There isn’t a government in the world that doesn’t promise to do something about the soaring crime rate. Most of such promises fall by the wayside, only to be renewed close to the next election – with the same effect.
Not so in Britain. As a British subject, I’m proud of my country for leading the world in crime-fighting ingenuity.
As a nation prone to intellectual inquiry, the British first established a philosophical premise. It started with a question: What is crime? Many answers are possible, but the logical British mind boiled them all down to a crystallised essential: Crime is doing something illegal.
Neither you nor I would know where to go from that seemingly self-evident definition. But then neither you nor I possess a keen legal mind with a philosophical bent. Our powers that be are so endowed, which is why they came up with an idea as simple as most inventions of genius appear to be at first glance.
If nothing is illegal, then, as follows from the above definition, there is no crime. Or put another way, there are no lawbreakers if there are no laws to break. Hence the solution to the delinquency problem offers itself: legalise crime.
Now, legalising all crime would be a bit extreme. Murder, for example, has to remain outside the law, for now. But practically everything short of it can be classified as ‘low-level crime’ and left uninvestigated, unprosecuted and unpunished.
Fine, if you insist laws against such crimes can remain on the books, no harm in that. But as long as those books remain unread and indeed unopened, they are left gathering dust on the shelves. They have nothing to do with real life.
In real life, only 3 per cent of assaults without injury result in criminal charges, 1 per cent of thefts from vehicles, 2 per cent of thefts of vehicles, 4 per cent of burglaries, 1 per cent of bicycle thefts – and so on, ad infinitum.
Victims of such crimes no longer even bother to report them: they know the police have more important things to worry about, such as hate crime, saying something someone takes exception to, as reported by The Guardian. First things first, eh?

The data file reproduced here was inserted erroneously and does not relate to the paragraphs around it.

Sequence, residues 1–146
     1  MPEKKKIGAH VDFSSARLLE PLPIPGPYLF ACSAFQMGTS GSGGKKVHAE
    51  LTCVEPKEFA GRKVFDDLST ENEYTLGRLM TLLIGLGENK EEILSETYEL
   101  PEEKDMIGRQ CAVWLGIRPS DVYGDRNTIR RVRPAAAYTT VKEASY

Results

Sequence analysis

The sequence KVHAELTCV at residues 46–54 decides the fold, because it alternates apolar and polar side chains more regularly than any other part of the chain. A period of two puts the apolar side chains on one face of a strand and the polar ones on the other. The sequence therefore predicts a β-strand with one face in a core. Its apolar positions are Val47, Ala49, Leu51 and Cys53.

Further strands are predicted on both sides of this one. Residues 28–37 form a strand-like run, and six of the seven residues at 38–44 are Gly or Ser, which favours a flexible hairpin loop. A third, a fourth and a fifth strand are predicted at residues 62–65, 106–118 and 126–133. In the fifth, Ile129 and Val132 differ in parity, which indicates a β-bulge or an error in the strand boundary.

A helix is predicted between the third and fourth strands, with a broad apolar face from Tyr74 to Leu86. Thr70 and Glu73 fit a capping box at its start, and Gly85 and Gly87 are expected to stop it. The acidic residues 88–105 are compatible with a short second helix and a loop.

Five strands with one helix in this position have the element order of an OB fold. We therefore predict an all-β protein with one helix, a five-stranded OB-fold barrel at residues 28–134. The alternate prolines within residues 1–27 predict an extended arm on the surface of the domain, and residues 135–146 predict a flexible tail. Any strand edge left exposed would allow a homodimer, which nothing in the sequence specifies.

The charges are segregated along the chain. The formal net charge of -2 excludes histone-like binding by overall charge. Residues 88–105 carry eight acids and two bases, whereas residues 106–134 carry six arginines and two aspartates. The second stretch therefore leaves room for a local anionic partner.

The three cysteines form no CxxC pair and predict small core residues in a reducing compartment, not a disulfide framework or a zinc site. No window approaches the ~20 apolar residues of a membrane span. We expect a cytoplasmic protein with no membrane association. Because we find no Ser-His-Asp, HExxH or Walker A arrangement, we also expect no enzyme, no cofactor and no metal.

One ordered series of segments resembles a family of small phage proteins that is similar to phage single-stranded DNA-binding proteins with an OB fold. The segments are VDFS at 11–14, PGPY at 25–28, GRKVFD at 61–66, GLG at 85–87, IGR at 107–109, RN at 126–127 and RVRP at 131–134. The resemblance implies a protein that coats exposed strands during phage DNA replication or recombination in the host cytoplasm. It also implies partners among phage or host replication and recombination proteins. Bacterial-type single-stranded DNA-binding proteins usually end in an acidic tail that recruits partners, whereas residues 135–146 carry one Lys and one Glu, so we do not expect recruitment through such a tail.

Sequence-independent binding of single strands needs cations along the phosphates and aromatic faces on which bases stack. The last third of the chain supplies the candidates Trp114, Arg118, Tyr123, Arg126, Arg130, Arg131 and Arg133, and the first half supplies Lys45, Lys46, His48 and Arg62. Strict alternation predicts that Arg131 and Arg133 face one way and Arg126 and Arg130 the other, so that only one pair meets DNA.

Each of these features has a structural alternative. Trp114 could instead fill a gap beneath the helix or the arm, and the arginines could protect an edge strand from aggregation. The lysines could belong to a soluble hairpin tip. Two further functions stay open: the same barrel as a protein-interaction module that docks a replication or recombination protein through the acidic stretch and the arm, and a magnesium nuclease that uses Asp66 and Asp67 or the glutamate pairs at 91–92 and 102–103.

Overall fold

Such reticent resignation is understandable. Last summer, for example, 751 bicycle thefts were reported to Hampshire police alone. Criminal charges? None – even though the thieves mostly cut through bike locks with angle grinders in broad daylight.
Also in Hampshire, 288 people were pickpocketed. No charges. During the same three months, Thames Valley had 340 cases of blackmail. No charges. Gwent reported 391 cases of non-life-threatening arson. No charges. Warwickshire, 66 burglaries. No charges. So why waste time reporting ‘low-level’ crimes? No reason at all.
If you cast your eye over the list of crimes our legal minds regard as low-level, you’ll see they are all committed against the person or against personal property. That’s basically the same thing: crime against property are actually crimes against the owners of property.
One would be justified to conclude that the government is lackadaisical about enforcing criminal laws in general. Yet I can refute that conclusion with two words: Boris Becker.
Last April the former tennis champion was sentenced to 2.5 years in prison after being found guilty of four charges under the Insolvency Act, hiding assets in a bankruptcy case. Becker served eight months in HMP Wandsworth and Huntercombe Prison, where he was “surrounded by murderers, drug dealers, people smugglers”.
“The British justice system is brutal,” complained Becker. In no way condoning what he did, one has to agree, especially if one were to compare his transgression with burglary, theft, assault and arson that have for all intents and purposes been decriminalised.
Becker left out a crucial word. He should have said that “the British justice system is selectively brutal”. It decides which crimes are low-level, to be left unprosecuted, and which are high-level, to be punished with maximum severity.